So, while the low level stuff is very important, it's not what users generally care about. What they care about are the desktop applications that they directly use. So, to the average user, management subsystems don't matter - as long as they work well enough not to cause them any problems anyway.

And if OpenSolaris is using the same desktop and applications as a linux distro, then it's as good as another linux distro to most people. There are plenty of people who care about things like ZFS and the various cool features in OpenSolaris stuff, but the average user really isn't going to.

Reply Score: 2

binarycrusader Member since:
2005-07-06

So, while the low level stuff is very important, it's not what users generally care about. What they care about are the desktop applications that they directly use. So, to the average user, management subsystems don't matter - as long as they work well enough not to cause them any problems anyway.


Your point is valid, but does not coutner what I said at all ;)

In particular, my point was that the underlying management framework and kernel can have a drastic effect on applications and the desktop.

For example, the new audio subsystem in builds 117+ provides fully virtualized audio allowing multiple applications to use the sound device at the same time. While this was solved by sound servers, PuleAudio, etc. in the past, OpenSolaris has a fully native implementation. It should be obvious why users indirectly care about this.

And if OpenSolaris is using the same desktop and applications as a linux distro, then it's as good as another linux distro to most people. There are plenty of people who care about things like ZFS and the various cool features in OpenSolaris stuff, but the average user really isn't going to.


Except it isn't, because OpenSolaris fully integrates additional OS-specific functionality into the "same desktop and applications." For example, because of zfs, GNOME Nautilus has a time slider feature that is not present on GNU/Linux distributions.

So again, the underlying technology matters when it comes to OpenSolaris. Many of its technologies can have a fundamental effect on applications and how they are used.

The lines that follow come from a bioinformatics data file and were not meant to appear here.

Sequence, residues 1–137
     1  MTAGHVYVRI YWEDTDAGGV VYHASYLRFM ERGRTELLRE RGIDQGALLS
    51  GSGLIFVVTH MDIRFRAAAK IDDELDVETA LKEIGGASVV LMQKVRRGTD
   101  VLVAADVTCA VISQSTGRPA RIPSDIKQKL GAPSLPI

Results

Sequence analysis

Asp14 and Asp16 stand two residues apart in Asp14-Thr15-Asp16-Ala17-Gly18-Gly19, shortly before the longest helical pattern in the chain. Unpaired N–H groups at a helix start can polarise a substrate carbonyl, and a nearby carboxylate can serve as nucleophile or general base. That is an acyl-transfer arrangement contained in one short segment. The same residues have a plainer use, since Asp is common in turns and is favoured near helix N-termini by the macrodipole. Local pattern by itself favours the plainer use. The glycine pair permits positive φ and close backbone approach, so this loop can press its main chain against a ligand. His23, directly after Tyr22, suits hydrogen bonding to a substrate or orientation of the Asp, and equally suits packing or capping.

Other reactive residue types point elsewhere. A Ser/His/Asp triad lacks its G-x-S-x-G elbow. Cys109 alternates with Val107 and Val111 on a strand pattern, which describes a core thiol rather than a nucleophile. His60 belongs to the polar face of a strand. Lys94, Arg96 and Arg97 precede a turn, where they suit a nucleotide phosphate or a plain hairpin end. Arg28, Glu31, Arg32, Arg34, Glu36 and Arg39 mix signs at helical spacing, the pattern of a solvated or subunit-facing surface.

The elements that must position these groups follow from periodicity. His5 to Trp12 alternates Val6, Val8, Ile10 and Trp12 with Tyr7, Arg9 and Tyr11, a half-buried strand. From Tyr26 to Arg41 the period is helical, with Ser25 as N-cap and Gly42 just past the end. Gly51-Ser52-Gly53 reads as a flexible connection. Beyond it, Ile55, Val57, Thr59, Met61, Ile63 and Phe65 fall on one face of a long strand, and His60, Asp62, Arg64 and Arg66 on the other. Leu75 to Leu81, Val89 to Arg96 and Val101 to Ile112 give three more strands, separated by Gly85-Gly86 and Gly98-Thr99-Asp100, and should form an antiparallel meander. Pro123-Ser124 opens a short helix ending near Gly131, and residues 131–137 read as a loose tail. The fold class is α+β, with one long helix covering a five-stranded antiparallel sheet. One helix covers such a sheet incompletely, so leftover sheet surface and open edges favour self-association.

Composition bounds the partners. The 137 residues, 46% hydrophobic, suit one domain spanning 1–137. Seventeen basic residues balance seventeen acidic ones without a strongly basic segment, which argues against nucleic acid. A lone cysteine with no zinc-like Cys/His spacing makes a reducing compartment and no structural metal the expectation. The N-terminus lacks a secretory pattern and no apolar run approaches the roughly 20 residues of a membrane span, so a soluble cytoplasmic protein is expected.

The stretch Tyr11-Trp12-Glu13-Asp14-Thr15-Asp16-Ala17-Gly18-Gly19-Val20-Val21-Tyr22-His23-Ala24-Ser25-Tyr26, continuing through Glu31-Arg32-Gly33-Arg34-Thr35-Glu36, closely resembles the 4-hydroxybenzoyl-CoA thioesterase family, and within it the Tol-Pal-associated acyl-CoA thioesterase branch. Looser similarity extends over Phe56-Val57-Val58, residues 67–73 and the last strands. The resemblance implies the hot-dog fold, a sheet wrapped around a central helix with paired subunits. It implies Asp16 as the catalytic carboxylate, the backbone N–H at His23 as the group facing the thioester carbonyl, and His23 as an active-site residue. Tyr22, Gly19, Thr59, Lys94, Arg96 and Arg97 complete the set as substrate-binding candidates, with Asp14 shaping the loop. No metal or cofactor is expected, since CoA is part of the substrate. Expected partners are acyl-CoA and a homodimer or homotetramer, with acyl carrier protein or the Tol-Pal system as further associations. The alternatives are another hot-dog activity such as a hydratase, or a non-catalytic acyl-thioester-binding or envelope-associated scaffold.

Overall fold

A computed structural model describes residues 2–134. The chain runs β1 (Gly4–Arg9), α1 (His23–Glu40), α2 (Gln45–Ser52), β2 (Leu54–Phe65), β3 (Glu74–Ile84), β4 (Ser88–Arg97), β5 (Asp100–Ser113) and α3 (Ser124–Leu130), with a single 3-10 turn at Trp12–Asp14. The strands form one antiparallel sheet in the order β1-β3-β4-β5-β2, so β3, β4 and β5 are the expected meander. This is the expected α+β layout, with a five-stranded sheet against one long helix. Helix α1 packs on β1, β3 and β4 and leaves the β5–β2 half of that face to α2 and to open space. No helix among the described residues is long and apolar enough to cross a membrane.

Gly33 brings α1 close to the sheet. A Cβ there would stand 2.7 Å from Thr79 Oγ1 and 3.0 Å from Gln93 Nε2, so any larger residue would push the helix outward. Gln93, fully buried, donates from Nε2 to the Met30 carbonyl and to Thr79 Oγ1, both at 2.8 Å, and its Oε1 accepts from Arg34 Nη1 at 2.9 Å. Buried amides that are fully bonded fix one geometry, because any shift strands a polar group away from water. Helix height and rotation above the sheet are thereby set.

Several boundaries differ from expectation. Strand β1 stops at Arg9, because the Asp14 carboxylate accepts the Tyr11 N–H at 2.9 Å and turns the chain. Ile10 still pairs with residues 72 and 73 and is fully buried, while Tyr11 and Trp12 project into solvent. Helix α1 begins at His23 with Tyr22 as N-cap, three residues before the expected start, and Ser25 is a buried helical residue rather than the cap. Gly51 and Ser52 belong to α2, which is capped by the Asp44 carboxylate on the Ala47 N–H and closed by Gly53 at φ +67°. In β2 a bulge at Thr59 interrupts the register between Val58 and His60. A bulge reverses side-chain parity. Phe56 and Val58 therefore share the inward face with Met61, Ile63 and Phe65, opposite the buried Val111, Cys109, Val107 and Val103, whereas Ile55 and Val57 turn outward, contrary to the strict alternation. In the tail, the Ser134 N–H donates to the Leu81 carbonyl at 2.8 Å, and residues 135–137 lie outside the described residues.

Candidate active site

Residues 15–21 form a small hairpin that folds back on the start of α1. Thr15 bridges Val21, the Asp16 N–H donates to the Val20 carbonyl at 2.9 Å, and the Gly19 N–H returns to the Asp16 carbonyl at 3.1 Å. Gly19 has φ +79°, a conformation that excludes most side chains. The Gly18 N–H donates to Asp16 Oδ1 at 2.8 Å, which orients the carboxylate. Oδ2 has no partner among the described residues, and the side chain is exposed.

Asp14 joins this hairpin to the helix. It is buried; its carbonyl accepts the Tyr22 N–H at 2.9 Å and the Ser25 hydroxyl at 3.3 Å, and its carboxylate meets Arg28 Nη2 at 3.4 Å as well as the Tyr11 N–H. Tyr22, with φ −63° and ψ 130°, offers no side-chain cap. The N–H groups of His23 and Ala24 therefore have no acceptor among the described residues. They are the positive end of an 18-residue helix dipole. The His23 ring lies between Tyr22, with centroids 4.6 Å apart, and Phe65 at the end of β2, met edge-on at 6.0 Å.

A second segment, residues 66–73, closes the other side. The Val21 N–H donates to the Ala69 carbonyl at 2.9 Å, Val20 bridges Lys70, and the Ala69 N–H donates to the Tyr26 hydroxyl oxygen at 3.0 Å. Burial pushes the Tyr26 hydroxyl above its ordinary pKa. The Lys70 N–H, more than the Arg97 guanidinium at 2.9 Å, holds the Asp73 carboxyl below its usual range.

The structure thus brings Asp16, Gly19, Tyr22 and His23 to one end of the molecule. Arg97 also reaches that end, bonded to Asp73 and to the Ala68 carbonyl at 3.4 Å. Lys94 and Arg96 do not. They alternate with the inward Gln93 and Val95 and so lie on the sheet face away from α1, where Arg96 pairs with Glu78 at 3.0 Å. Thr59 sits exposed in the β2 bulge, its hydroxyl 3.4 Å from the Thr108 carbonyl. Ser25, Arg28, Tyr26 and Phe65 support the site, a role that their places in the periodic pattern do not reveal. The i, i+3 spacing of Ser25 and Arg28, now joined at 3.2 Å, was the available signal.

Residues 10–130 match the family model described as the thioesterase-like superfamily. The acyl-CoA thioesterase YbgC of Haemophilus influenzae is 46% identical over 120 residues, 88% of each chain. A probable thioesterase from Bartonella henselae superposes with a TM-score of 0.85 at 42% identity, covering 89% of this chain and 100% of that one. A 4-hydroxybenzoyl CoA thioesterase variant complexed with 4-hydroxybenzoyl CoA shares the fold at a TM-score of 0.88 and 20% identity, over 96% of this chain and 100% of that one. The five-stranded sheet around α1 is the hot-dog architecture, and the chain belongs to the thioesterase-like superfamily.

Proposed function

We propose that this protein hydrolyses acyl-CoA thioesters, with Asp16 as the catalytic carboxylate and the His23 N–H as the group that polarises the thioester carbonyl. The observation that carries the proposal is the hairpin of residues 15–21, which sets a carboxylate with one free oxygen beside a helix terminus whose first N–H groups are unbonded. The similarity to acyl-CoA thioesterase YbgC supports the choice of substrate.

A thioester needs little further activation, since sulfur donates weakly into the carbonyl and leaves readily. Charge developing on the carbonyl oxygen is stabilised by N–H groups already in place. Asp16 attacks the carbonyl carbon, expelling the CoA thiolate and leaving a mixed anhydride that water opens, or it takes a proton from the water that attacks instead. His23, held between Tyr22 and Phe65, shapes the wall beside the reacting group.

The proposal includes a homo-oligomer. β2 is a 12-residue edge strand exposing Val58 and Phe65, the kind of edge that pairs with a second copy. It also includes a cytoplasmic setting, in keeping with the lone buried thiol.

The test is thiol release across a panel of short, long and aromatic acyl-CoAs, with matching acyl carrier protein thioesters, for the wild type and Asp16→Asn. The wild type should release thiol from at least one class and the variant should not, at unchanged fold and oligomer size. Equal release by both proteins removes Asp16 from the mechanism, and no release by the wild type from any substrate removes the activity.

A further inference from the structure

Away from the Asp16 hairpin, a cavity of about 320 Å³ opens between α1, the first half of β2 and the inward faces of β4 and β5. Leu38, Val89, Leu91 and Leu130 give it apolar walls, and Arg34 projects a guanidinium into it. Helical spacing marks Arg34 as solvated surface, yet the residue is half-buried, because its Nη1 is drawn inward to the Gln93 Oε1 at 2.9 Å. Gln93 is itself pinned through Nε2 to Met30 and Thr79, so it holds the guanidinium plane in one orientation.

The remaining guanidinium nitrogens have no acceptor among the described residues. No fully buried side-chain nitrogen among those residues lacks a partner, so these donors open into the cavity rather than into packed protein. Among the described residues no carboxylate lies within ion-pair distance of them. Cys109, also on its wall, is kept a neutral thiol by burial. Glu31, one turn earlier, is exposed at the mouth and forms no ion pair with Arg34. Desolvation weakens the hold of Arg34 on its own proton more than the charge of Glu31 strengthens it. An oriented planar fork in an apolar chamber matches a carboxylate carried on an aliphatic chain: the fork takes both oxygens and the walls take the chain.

Reply Score: 2

kawazu Member since:
2005-12-11


Except it isn't, because OpenSolaris fully integrates additional OS-specific functionality into the "same desktop and applications." For example, because of zfs, GNOME Nautilus has a time slider feature that is not present on GNU/Linux distributions.


Would you mind providing other examples for OpenSolaris features directly included in the GNOME ui, except for Time Slider? This is one of the main complaints I (still?) have to make about it - there's next to nothing on the desktop which is "unique OpenSolaris"... except for Time Slider, maybe, which also just recently has been included...
K.

Reply Score: 1

binarycrusader Member since:
2005-07-06

"
Except it isn't, because OpenSolaris fully integrates additional OS-specific functionality into the "same desktop and applications." For example, because of zfs, GNOME Nautilus has a time slider feature that is not present on GNU/Linux distributions.


Would you mind providing other examples for OpenSolaris features directly included in the GNOME ui, except for Time Slider? This is one of the main complaints I (still?) have to make about it - there's next to nothing on the desktop which is "unique OpenSolaris"... except for Time Slider, maybe, which also just recently has been included...
K.
"

If by GNOME UI, you mean GNOME desktop applications, then:

Another example would be the Package Manager, which has support for OpenSolaris' unique Boot Environments technology.

This allows a user to create and manage boot environments.

Boot environments allow a user to upgrade a "copy" of their currently running system instead of the live system itself preventing the update process from destabilising currently running applications.

If the new boot environment fails (because of some bugs specific to their hardware perhaps), or a new version of their application doesn't work right, users can simply go back to the old boot environment without losing productivity.

If by GNOME UI, you mean the standard GNOME programs itself?

Here are some examples:

* The GNOME volume control applet has been specifically enhanced to take advantage of and use features found in the new boomer audio subsystem